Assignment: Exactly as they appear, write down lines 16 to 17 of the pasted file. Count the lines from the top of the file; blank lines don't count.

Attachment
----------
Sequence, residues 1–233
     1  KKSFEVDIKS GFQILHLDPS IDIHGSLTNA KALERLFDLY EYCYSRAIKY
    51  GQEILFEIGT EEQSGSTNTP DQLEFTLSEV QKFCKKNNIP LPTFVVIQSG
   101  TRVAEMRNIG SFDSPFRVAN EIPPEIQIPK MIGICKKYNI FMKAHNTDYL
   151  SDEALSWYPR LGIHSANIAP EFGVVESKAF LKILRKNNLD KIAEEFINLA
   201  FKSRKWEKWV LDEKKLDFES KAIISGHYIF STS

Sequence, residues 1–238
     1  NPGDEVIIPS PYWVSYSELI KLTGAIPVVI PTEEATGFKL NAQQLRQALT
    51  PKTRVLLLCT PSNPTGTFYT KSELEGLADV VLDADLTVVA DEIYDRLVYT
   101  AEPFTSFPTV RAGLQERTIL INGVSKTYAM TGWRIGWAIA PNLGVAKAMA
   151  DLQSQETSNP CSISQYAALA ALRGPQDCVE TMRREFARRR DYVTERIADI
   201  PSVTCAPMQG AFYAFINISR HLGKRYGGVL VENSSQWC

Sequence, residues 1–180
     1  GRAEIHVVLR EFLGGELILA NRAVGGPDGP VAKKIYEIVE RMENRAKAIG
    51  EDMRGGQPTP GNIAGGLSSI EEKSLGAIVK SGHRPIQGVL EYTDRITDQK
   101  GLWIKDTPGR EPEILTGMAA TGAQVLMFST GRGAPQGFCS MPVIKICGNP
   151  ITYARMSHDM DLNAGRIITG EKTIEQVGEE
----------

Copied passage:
   101  GLWIKDTPGR EPEILTGMAA TGAQVLMFST GRGAPQGFCS MPVIKICGNP
   151  ITYARMSHDM DLNAGRIITG EKTIEQVGEE